Author(s): Halbreich U
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Abstract Pregnancy and peripartum/perinatal periods are characterized by significant biologic as well as psychosocial processes and changes that influence the 2 individuals at focus (mother and fetus), as well as their interactions with the immediate environment. Multiple intertwined pathologic pregnancy processes (hormonal, biologic, stress and other mental occurrences) may lead to fetal distress, preterm delivery (PTD), low birth weight (LBW), and other delivery complications as well as to postpartum disorders. PTD and LBW in particular have been demonstrated to be associated with significant mortality as well as short- and long-term morbidity. Underlying processes and risk factors for PTD, LBW and postpartum disorders may overlap. Their impact on the offspring is compounded. Currently, the multiple clinical and research disciplines that are concerned with the various aspects of pregnancy, delivery, and postpartum period are not conceptually and practically integrated. Specifically, obstetricians are more concerned with delivery complications, whereas mental health professionals are concerned with postpartum depression. An interdisciplinary approach is needed for better understanding of developmental processes and the development of measurements and interventions to prevent long-term impact on the offspring.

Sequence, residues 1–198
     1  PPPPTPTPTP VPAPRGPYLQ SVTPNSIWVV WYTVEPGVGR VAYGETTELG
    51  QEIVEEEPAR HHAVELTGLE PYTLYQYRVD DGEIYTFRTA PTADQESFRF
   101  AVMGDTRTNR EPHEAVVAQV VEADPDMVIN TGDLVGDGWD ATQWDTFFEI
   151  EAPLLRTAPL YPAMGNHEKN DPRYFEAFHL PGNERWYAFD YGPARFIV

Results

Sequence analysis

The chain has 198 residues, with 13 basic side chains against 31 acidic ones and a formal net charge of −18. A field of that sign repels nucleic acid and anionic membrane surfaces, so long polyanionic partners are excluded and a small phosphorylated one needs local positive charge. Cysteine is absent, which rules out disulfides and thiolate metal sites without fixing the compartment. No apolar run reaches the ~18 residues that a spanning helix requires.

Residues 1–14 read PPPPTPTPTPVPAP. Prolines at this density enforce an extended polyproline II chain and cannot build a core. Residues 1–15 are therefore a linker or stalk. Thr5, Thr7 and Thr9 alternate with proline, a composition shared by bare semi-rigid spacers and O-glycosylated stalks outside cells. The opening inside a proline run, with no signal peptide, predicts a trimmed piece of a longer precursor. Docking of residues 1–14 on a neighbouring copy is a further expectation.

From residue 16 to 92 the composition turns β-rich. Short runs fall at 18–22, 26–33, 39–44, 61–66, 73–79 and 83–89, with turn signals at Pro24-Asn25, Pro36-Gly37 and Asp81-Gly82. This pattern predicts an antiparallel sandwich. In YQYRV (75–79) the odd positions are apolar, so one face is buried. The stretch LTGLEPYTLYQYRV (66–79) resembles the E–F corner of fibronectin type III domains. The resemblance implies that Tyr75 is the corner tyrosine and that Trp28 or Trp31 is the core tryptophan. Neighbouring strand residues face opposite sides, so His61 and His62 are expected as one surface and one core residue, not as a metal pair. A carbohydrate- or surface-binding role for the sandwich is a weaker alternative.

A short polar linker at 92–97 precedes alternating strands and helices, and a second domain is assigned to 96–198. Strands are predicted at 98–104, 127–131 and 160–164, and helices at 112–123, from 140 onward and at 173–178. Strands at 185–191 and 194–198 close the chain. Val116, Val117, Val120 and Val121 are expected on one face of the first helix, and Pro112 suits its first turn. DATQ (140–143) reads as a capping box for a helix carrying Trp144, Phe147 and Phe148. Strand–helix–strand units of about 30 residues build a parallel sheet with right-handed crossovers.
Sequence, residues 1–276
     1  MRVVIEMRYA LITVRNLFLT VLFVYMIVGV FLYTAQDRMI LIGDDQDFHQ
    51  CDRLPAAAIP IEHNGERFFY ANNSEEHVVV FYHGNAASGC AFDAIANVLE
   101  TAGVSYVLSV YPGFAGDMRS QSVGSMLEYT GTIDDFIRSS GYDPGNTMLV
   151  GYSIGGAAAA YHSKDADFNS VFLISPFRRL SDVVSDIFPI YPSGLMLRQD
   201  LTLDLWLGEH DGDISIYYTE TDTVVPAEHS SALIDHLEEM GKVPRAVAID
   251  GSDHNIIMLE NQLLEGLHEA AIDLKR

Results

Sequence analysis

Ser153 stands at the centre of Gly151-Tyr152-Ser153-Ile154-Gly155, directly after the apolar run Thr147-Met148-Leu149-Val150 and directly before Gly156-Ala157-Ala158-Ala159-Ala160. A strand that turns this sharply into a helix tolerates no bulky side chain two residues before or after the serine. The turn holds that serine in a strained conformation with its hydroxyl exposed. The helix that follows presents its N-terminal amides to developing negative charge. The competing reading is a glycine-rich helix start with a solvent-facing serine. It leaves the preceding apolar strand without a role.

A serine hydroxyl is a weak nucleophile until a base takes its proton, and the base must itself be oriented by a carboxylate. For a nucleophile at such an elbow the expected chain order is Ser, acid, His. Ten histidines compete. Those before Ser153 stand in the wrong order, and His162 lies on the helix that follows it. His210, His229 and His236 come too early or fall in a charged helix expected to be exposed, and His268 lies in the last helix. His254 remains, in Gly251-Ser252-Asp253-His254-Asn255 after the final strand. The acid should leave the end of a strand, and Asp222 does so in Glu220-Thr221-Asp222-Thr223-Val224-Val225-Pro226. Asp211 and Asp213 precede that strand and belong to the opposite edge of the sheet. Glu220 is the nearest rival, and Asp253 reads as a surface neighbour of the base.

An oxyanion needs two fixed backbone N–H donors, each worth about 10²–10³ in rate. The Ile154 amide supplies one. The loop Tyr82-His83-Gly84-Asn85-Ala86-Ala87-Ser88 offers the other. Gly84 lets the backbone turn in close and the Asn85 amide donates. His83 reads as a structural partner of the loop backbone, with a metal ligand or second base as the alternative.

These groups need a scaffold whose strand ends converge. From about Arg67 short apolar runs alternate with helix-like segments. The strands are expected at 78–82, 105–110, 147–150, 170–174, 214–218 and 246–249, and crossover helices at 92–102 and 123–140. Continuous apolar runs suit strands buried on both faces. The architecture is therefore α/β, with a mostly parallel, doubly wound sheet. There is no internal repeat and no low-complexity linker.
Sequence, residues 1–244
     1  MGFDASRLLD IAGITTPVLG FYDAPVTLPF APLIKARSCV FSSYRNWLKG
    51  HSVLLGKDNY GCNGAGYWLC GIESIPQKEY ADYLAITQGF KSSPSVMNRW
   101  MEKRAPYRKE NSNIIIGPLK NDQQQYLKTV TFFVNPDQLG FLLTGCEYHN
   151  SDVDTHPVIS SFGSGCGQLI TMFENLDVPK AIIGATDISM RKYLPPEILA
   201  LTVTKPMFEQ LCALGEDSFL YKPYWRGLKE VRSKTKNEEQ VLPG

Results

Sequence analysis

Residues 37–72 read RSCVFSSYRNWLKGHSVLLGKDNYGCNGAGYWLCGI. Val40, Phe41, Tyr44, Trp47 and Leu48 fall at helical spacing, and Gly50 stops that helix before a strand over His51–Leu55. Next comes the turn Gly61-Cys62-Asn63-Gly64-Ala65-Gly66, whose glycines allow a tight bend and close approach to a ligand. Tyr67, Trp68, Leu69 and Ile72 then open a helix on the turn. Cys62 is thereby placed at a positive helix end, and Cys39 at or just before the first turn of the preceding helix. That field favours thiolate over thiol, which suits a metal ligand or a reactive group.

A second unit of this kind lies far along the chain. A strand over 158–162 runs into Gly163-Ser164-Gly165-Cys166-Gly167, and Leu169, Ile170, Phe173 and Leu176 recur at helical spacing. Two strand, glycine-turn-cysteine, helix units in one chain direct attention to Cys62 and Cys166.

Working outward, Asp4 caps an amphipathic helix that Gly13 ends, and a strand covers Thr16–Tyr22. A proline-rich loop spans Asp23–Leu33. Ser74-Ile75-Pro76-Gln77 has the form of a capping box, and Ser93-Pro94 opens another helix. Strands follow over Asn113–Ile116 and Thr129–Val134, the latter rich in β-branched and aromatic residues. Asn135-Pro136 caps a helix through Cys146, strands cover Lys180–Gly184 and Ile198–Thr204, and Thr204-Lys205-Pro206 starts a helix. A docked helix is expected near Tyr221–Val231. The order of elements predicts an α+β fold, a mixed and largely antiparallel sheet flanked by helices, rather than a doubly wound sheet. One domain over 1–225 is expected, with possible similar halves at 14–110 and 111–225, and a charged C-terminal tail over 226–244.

This article was published in Am J Obstet Gynecol
and referenced in Clinics in Mother and Child Health